Just as I left one apricot to ripen while the tree gets its strength up, I let a solitary plum from the tree I planted this spring develop. It was really hard to pick off all the tiny plums back in May, but if that means I’ll get a bigger harvest next year, I’m all for it. This plum had turned a deep, beautiful purple about four weeks ago. It remained very firm, only starting to yield to gentle pressure a few days ago. We actually found it on the ground today, and it may have been a touch overripe.
Still, the flavor was great – not as transcendent as that apricot last month, but still – unbelievably sweet flesh, with a tart skin and more floral than anything I’ve ever eaten from the store or even farmers market. The plum was quite a bit smaller than I expected, but still, it was the perfect dessert after the great Indian meal Janna cooked up today.
After the disappointment of last year’s Hardy Chicago Fig not being so hardy after all, I replaced it with two more bush-shaped fig plants rather than the tree-shaped version I had last year. I was disappointed again earlier this summer, when only one breba fig appeared, and then broke off its stem before it ripened. But! A few days ago, I took a close look at the bushes, and saw a couple dozen tiny figs forming! The bush shaped plants have 4-5 stems rather than the one stem from the standard-pruned fig that died over the winter. This seems to be much better for fig production!
My plan is to let these figs ripen, and then bring the whole contraption inside in mid-fall. It should retain all its leaves and make a nice, if huge, houseplant, and also have a good start for next year’s season.
As the weather gets hotter and hotter, the nightshades in our garden are getting really happy. One of my new experiments this year was with chichiquelite huckleberries. The plants in my old potato box are thriving! They’re each about three feet tall and peppered with clusters of berries. Some of the first to show are now ripening, and I think in a few weeks, I’ll have quite a haul. I’ve also got one plant in the cucumber/pepper/eggplant bed, and one in the community garden, both of which are quite a bit smaller. The berries grow in clusters of 6 or seven, and each cluster ripens more or less at the same time. The berries change from green to a deep, lustrous black when they’re ripe.
I tasted the first few berries to see if they were ripe. They certainly are – they’re very sweet but have a bit of an odd taste. It’s a bit of a disappointment – but they still might be good cooked into a jam or pie or syrup. The flavor isn’t exactly bad – it’s just really…different. Almost like a sweet green bean if that make sense. Once I try cooking these, I’ll make a judgement as to whether I’ll try them again next year or give over the space to even more ground cherries (which I really love.)
I grew this! In Ohio! And there are more on the way! The community garden is going gangbusters. So far, I’ve had beets, kale, cabbage, onions, tomatillos, cilantro in great volumes, and today, this artichoke was looking up at me. I’ve got a squash about a foot in diameter growing, and even the watermelon volunteers look great.
Of course, I’ve never seen an artichoke so fresh. The color is so much more vibrant than anything I’ve seen in the store. We’ve got to eat it today. It’s going to be part of lunch, with some red beet greens.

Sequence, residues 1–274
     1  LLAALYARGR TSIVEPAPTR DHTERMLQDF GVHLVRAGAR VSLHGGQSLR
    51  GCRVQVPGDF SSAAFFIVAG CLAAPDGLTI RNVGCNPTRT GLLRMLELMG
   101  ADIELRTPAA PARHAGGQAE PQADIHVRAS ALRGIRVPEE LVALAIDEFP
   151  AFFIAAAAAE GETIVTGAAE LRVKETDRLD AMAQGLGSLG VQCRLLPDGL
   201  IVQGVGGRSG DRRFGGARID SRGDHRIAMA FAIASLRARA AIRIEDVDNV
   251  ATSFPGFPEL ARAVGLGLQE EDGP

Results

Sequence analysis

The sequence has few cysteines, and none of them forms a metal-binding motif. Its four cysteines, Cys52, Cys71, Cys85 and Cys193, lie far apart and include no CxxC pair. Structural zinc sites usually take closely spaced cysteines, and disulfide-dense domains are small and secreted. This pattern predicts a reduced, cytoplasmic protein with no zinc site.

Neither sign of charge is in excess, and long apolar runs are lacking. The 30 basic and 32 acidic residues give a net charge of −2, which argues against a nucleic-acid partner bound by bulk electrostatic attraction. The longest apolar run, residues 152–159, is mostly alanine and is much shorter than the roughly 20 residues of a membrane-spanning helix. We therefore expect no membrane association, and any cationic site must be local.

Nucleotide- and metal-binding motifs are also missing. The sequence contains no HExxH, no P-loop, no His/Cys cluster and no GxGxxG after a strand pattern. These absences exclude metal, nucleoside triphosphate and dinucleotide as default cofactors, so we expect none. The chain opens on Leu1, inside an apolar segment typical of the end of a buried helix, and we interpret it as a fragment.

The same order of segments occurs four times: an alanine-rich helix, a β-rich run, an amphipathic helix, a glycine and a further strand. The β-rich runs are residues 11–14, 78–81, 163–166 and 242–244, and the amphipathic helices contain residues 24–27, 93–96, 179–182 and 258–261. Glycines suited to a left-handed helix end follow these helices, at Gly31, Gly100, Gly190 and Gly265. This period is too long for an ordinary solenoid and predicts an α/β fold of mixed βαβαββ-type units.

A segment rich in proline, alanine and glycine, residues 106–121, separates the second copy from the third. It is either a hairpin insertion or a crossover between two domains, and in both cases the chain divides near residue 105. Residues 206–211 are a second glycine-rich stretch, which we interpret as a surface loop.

After a few busy weekends of work and family visiting, the community garden had got a bit out of control. We’ve had plenty of rain, so I hadn’t paid it a visit in three weeks. When I did go last Sunday, I was pretty horrified – it was literally choked with weeds. I spent about five hours over two days, and finally got it cleared out. It’s amazing how fast weeds grew in the communtiy garden plot as compared to the raised beds we have at home. I’m not sure if it’s the soil mix I use at home, as compared to native soil, or the fact that the edges aren’t separated from the grass in the community garden, or the fact that there are so many more weed seeds around the community garden. But it was bad.
Underneath the carpet of weeds, lots of plants were actually doing really well. I’ve got a solid six-foot row of cilantro, and I’ll probably let some of it go to seed for corriander.
The artichokes have started to take off – they were relatively clear of weeds all along. They’ve got a lot of growing to do, though, if they’re going to be productive.
The tomatillos I planted in the community garden aren’t staked, but they’ve also grown huge, and these are even starting to bear fruit.
The cabbages getting nice and big, and the cauliflower and broccoli are doing pretty good too. I caught a couple of worms on the cauliflower, but they hadn’t done much damage.
While weeding, I did have a few casualties. A few onions and a zucchini plant got pulled inadvertently last Sunday. But near the compost piles, I found some volunteer watermelon seedlings, so I’m giving those a shot in the empty space.
The community garden should be getting a lot more attention moving forward, because I’m starting a new job on Monday that will require much less travel! Woohoo!
Right now, the garden is in an in-between state. Some things have taken off fast – the tomatoes, ground cherries, even the chichiquelite huckleberries are getting really big. Other things are taking their time – the black currant bushes are healthy, but haven’t grown much. A eggplant I started from seed and was pulled up by some bird or squirrel is dwarfed by its nursery-bought neighbors.
Among everything else, the tomatillo is enormous – it’s at least four feet tall, and it could easily be taller than me in a month.
After my hardy Chicago fig turned out to be not so hardy, I bought two new bushier figs to put in the planter. I didn’t expect much out of these this year, but there is one tiny fig starting to grow on one of them.